Updated TAVR Consensus Document Highlights Quality, Not Just Volume

Marlene Busko

July 20, 2018

Four cardiology societies issued a joint statement for requirements for centers with existing or new transcatheter aortic valve replacement (TAVR) programs, which updates a 2012 statement.   

The new document is part of a transition away from using the volume of procedures performed to the quality of patient outcomes to measure TAVR-center performance, says a co-chair of the writing committee.

This expert consensus statement, from the American Association for Thoracic Surgery, the American College of Cardiology (ACC), the Society for Cardiovascular Angiography and Interventions, and the Society of Thoracic Surgeons (STS) was published online July 18 in the Journal of the American College of Cardiology.

The release is timely because the US Centers for Medicare & Medicaid Services (CMS) has convened a Medicare Evidence Development and Coverage Advisory Committee (MEDCAC) panel meeting on July 25 to evaluate the evidence for TAVR volume requirements, and some of these data will be presented there. CMS expects to have concluded its evaluation in June 2019.

According to writing committee co-chair Carl Tommaso, MD, from NorthShore University Health System, Chicago, Illinois, TAVR was in its infancy in 2012 and the results from PARTNER were "primitive."

Over the past 5 or 6 years, however, TAVR has become more mature and is being done in many more centers and for expanded indications, and there are more data from the STS/ACC Transcatheter Valve Therapy (TVT) Registry,  Tommaso told the theheart.org | Medscape Cardiology.

"As TAVR becomes even more mature and more data is gathered, and better risk profiles are developed," he said, there is a move towards "purely quality as the [performance] marker of a center, rather than volume and quality."

Second, the new consensus statement also highlights the importance of shared decision-making, he said.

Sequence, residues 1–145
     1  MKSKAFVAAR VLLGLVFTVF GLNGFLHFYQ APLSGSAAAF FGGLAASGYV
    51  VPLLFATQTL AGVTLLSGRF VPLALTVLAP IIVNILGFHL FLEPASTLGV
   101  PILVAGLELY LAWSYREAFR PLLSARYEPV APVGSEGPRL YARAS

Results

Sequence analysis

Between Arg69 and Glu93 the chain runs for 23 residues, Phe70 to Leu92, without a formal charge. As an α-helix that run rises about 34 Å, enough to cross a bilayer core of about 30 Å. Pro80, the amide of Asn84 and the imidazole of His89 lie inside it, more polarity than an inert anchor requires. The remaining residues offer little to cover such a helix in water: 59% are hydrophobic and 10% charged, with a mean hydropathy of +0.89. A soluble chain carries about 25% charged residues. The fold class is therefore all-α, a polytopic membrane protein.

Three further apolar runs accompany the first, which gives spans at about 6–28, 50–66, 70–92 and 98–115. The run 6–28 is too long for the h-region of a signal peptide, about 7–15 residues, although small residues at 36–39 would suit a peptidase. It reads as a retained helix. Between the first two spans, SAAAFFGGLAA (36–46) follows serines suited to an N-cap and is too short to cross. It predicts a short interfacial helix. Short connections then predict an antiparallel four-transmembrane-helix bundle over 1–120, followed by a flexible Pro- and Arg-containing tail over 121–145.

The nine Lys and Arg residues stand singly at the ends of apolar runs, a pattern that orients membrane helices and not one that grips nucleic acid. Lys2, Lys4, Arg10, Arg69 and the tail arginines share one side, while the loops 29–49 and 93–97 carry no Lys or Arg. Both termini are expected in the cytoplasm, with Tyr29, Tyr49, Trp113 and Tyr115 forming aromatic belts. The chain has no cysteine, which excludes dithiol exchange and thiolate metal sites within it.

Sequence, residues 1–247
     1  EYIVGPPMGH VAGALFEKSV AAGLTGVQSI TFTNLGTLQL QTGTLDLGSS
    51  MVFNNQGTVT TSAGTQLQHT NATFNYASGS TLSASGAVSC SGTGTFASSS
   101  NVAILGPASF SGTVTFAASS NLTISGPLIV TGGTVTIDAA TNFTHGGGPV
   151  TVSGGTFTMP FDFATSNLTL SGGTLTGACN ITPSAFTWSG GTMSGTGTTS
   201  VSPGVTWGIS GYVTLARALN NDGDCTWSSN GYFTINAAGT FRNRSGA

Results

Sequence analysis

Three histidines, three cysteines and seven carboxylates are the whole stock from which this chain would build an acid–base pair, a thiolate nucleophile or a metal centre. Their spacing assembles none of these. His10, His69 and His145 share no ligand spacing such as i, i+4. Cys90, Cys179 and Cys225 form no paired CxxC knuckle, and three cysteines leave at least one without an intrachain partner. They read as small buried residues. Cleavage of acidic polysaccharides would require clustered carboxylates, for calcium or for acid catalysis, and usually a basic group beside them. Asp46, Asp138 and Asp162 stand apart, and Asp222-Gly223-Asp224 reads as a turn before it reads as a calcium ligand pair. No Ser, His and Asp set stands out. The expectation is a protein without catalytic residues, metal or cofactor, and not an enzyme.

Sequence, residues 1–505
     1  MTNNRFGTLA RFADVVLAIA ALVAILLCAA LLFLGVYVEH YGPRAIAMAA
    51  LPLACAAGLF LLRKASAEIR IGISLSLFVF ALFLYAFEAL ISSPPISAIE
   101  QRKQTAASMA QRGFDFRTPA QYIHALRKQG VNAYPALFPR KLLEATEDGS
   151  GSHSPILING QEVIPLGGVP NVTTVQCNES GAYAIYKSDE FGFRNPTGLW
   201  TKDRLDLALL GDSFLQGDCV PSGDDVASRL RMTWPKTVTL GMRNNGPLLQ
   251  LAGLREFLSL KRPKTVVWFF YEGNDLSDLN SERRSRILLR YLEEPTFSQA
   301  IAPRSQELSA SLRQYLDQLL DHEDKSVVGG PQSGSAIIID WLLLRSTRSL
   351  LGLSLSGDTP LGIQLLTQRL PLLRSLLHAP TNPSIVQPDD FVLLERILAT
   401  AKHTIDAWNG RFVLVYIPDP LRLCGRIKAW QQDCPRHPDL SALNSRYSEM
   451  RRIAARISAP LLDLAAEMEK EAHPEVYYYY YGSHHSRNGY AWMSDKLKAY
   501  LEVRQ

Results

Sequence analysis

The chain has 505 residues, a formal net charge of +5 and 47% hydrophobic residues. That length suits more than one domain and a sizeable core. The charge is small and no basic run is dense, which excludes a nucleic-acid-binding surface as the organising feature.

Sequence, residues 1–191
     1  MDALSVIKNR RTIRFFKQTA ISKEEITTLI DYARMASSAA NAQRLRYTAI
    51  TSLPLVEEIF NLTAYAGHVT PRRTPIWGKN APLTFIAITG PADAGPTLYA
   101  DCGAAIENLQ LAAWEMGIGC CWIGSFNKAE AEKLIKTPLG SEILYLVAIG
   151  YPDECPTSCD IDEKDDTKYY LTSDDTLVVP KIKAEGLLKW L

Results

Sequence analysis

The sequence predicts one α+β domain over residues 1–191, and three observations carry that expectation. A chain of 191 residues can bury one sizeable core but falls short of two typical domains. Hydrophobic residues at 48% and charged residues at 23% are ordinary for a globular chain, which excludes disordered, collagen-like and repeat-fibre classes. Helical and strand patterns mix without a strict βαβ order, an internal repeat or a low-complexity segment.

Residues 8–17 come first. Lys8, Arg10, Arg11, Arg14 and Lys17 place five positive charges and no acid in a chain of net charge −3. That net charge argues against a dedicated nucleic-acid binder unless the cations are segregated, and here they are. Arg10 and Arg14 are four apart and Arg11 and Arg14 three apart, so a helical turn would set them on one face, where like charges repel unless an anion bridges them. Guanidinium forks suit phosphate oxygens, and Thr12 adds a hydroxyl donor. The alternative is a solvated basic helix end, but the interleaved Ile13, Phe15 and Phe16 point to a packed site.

"In the United States, at least 500 centers do surgical aortic valve replacement [SAVR], without doing TAVR," he continued. "We think it's important that anybody with an aortic stenosis — whether they are at a TAVR/SAVR center or just a SAVR center — has the opportunity for full disclosure as to what the potential options are."

"Not Interested in Closing Centers"

The 2012 consensus statement recommended that TAVR centers should do at least 20 TAVRs per year or 40 in 2 years, and at least 25 SAVRs per year.

The 2018 document states that existing programs should perform at least 50 TAVRs per year or 100 in the past 2 years and at least 30 SAVRs per year or 60 within the last 2 years to have optimal outcomes, and to have continued certification.

Of the 580 centers that now offer TAVR, Tommaso said, 85% are operating at this level.

The document states that TAVR operators should be trained by a formal training program as part of a cardiology fellowship or cardiovascular surgical residency or that an established interventional cardiologist or cardiac surgeon could participate in an established TAVR program under the tutelage of an experienced team.

TAVR requires a heart team, a procedural team, and adequate support including, for example, intensive care and electrophysiology services, Tommaso noted, so "a small institution may not be able to justify the commitment of that many resources to one procedure."

However, "we're not interested in closing any centers," he stressed.  Rather, low-volume or low-quality TAVR centers should perform internal and external reviews to figure out why they are underperforming and then take steps to remedy this.